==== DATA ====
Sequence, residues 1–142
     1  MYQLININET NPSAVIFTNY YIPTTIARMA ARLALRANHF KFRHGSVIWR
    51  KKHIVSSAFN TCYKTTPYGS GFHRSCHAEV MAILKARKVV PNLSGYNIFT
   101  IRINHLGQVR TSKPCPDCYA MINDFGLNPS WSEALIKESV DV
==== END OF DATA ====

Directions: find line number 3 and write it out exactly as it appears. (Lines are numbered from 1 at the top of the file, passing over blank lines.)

    51  KKHIVSSAFN TCYKTTPYGS GFHRSCHAEV MAILKARKVV PNLSGYNIFT